Category Archives: commentary

Pam Baker.

 

I learned one of life’s most valuable lessons from Pam Baker.

She wasn’t a teacher.

She was a classmate, and she sat behind me in 7th grade.

Pam wasn’t a close friend of mine. During the first months of junior high everybody was a bit strange, so many of us having converged from the various elementary schools in the area. I still missed my 6th grade teacher, and struggled to find each room in the building which had been designated for every subject being taught.

I was fairly tall for a 7th grader, as was Pam and, yet, we’d both either chosen or been assigned seats near the front of the room in the center row. Gone were the days when the tall girls ended up in the back, of each row, with the boys.

The scenic memory is vague. Perhaps we were doing seatwork, or the teacher had stepped out of the room for a moment. I felt a tap on my shoulder.

I turned around.

It was Pam.

“What race are you??”  she said.

In those days, white people called those of color Negroes. None of the white people had a clue what Negroes called their white counterparts because, in those days, there was no dialogue between people of differing race. Pam was one of the Negro girls and, that year, I was the darkest skinned white girl in the entire school.

My father’s parents had both emigrated to New York on a ship just as the 19th century was flipping to the 20th. They were each of Southern Italian descent, though my grandfather would have born the darker shades of hair and skin. Appearing to be Sicilian, my grandmother had the light eyes and broad, full features marking Moorish ancestry. Dad had only met his mother once and his father never, providing the family only a bridal photograph, and I took after him almost entirely.

In early September, Pam’s skin was the color of coffee with milk, just like mine. Hers stayed that way, though, as the winter encroached, and mine faded just enough to make the subject less of a concern to anyone.

Clearly, Pam had never seen a white girl with skin the same color as her own. And, up until then, I had seen few African American people at all in my world, only those who came from Virginia to Grove City College to attend our Eastern Bible Conference every summer, among them the Hintons – Arthur being the thin, quiet boy who always smiled at me across every room.

What I learned in 7th grade was that there were those who weren’t sure what I was when they looked at me. I also learned how it felt to be the person nobody was sure about, unless they knew my family or attended the Bible Conference where people came to worship in spite of their skin color even if they did not sit together. Arthur Hinton could have been my boyfriend, and Pam Baker and I could have been sisters, but in those days nobody would have understood.

The bitter cold had lifted somewhat and there were about forty minutes for three belated returns, one a large postal shipment, before my private students would arrive. A full thirty of those had already passed before I realized that the Post Office would be closed. Today was a legal holiday, in honor of Dr. Martin Luther King, Jr.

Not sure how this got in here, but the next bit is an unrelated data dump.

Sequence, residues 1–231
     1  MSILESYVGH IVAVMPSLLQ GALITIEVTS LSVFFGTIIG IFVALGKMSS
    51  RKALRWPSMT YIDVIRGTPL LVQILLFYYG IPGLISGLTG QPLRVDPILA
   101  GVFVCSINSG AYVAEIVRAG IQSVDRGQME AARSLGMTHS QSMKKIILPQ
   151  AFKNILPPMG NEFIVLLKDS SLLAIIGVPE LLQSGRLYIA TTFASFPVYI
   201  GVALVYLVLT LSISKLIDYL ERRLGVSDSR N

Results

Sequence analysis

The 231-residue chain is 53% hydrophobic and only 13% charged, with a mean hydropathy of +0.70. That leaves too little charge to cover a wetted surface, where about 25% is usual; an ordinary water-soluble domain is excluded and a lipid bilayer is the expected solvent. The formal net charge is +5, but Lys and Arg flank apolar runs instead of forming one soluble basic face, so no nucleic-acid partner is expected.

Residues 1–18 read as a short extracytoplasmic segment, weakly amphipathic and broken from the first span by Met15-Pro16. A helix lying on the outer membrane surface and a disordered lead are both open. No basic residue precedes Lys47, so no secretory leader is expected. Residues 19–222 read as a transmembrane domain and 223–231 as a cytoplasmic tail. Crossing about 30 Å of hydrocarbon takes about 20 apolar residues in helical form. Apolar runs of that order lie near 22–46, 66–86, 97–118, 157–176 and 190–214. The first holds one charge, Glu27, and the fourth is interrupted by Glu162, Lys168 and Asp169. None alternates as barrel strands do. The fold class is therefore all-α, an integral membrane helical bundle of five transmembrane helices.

Pam Baker would have remembered.

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© 1/15/18   Ruth Ann Scanzillo       All rights those of the author, whose story it is, and whose name appears above this line. Leave prejudice at the door. Thanks.

littlebarefeetblog.com

 

 

 

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The Spies.

So, now those who just read headlines are all up in a bunch, pantiwise, over the latest Wikileaks release.

Seems it’s merely official, finally; everything we say and/or do, on either our phones or computers, and even via our TVs if they are Smart /and, phhh, even if they are dumb as stone can be intercepted; viewed; seized; and, Lord knows, transported into any number of Files Are Us.

That said, allow me.

“Hey, there, iRobot. You like my style? You watch me chat with my people, and toss me a photo essay about the vegetables I search and their corresponding polyphenols? You like my test results? You need to feed me the latest fake horoscope?

Your attempts to flatter are folly, you of the artificial intelligence. If thou art so smart, why dost thou even need me and all my trolling patterns?”

You really think I’m not immune, by now, to all the ploys?

That bit about getting into our cars, via satellite radio, and programming us to crash? That’s old. Richard A. Clarke already told us all about that, in his novel, PINNACLE EVENT.

The Will is strong in me. I get my kicks out of skewing data. Anomalies Are Moi, I say!

So, there.

Factor that one up your faux ass.

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© Ruth Ann Scanzillo    3/7/17         All rights those of the living, breathing female human person from whom these blog posts come, whose name appears above this line. I’d thank you for your respect, but you don’t process the meaning of the concept.

littlebarefeetblog.com

How Shall We Know?

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Michael Gerson has an established history as a public commentator – most notably, as George W. Bush’s speech writer throughout said President’s administration. But, Gerson’s most recent article appears in The Washington Post. Its subject: Julian Assange.

Over the past couple of months, much has appeared in the publications of virtually every source of news and opinion available in print regarding the integrity, the credibility, even the veracity of the WikiLeaks founder and editor.